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Chavez Vs.

GR No 168338, February 15, 2008

Facts: It has come to the attention of the [NTC] that certain personalities are in possession of alleged taped conversations which
they claim involve the President of the Philippines and a Commissioner of the COMELEC regarding supposed violation of election
laws. It has been subsequently established that the said tapes are false and/or fraudulent after a prosecution or appropriate
investigation, the concerned radio and television companies are hereby warned that their broadcast/airing of such false information
and/or willful misrepresentation shall be just cause for the suspension, revocation and/or cancellation of the licenses or
authorizations issued to the said companies.

Petitioner Chavez filed a petition against respondents Secretary Gonzales and the NTC, praying for the issuance of the writs
of certiorari and prohibition, as extraordinary legal remedies, to annul void proceedings, and to prevent the unlawful,
unconstitutional and oppressive exercise of authority by the respondents.

Issue: Whether or not the statements of respondents constitutes unconstitutional prior restraint on the exercise of freedom of
speech and of the press.

Held: Generally, restraints on freedom of speech and expression are evaluated by either or a combination of three tests, i.e., (a)
the dangerous tendency doctrinewhich permits limitations on speech once a rational connection has been established between
the speech restrained and the danger contemplated; (b) the balancing of interests tests, used as a standard when courts need
to balance conflicting social values and individual interests, and requires a conscious and detailed consideration of the interplay of
interests observable in a given situation of type of situation; and (c) the clear and present danger rule which rests on the premise
that speech may be restrained because there is substantial danger that the speech will likely lead to an evil the government has a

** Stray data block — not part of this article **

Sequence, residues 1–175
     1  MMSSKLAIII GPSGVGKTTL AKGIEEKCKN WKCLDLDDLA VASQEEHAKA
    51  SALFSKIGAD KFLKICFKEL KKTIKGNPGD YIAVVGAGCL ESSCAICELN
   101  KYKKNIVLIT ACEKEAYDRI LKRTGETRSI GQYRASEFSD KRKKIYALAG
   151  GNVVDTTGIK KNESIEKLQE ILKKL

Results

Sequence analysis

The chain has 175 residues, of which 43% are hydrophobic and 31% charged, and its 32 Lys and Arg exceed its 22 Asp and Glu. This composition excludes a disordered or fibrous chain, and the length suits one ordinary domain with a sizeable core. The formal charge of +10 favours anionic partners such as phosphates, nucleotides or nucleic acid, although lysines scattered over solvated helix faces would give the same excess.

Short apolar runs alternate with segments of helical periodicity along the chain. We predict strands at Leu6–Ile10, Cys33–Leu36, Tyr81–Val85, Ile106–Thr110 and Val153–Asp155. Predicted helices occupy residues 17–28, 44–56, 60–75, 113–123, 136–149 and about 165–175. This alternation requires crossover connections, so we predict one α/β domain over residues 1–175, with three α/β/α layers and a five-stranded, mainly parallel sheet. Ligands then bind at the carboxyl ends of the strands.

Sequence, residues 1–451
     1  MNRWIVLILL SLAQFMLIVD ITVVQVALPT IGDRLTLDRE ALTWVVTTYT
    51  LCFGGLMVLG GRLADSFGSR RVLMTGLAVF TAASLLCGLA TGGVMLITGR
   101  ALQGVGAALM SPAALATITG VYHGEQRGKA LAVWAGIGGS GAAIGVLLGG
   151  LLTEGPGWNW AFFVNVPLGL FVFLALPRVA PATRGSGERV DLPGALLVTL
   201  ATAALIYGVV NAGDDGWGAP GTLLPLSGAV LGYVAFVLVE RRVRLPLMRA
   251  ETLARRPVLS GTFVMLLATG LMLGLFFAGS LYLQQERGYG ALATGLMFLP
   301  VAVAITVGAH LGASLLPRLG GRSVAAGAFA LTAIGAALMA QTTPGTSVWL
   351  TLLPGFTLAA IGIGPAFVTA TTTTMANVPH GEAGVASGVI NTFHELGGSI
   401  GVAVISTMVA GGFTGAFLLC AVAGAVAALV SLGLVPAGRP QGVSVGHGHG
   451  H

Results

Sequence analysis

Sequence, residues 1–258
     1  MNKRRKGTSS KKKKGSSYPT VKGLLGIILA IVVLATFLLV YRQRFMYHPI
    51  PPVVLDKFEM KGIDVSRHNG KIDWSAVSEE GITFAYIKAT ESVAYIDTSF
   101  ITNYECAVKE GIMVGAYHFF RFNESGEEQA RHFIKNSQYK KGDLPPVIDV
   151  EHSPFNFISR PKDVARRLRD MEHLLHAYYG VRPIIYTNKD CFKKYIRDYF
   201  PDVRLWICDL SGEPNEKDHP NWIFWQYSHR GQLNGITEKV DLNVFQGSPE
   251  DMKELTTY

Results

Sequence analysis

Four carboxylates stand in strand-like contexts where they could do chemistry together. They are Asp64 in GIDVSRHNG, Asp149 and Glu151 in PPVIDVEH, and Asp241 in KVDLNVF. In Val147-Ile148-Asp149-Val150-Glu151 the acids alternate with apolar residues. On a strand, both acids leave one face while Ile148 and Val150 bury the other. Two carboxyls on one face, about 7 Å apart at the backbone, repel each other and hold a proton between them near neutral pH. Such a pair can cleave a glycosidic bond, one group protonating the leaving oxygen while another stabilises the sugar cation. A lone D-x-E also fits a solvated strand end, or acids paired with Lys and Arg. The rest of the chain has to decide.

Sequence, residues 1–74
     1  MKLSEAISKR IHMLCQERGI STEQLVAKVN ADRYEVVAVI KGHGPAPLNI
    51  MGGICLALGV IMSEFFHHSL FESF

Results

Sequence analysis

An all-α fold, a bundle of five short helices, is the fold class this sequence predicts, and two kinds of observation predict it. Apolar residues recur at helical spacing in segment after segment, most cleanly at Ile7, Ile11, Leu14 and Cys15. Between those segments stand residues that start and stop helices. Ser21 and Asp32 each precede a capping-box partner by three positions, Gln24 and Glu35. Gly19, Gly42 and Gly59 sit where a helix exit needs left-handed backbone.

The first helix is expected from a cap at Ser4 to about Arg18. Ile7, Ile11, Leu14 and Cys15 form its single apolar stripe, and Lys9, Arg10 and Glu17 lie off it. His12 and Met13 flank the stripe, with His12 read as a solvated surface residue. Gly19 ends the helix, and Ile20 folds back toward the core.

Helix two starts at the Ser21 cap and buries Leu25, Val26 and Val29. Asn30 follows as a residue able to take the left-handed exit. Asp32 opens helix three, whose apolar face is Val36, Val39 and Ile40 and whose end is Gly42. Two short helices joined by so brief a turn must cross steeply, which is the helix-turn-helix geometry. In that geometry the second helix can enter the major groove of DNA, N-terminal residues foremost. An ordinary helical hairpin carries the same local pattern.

right to prevent. This rule requires that the evil consequences sought to be prevented must be substantive, extremely serious and
the degree of imminence extremely high.

It is clear that the challenged acts in the case at bar need to be subjected to the clear and present danger rule, as they
are content-based restrictions. The acts of respondents focused solely on but one object a specific content fixed as these were
on the alleged taped conversations between the President and a COMELEC official. Undoubtedly these did not merely provide
regulations as to the time, place or manner of the dissemination of speech or expression. A governmental
action that restricts freedom of speech or of the press based on content is given the strictest scrutiny, with the government having
the burden of overcoming the presumed unconstitutionality by the clear and present danger rule.

This outlines the procedural map to follow in cases like the one at bar as it spells out the following: (a) the test; (b) the presumption;
(c) the burden of proof; (d) the party to discharge the burden; and (e) the quantum of evidence necessary. On the basis of the
records of the case at bar, respondents who have the burden to show that these acts do not abridge freedom of speech and of the
press failed to hurdle the clear and present danger test. It appears that the great evil which government wants to prevent is the
airing of a tape recording in alleged violation of the anti-wiretapping law. The records of the case at bar, however, are confused
and confusing, and respondents evidence falls short of satisfying the clear and present danger test. Firstly, the various statements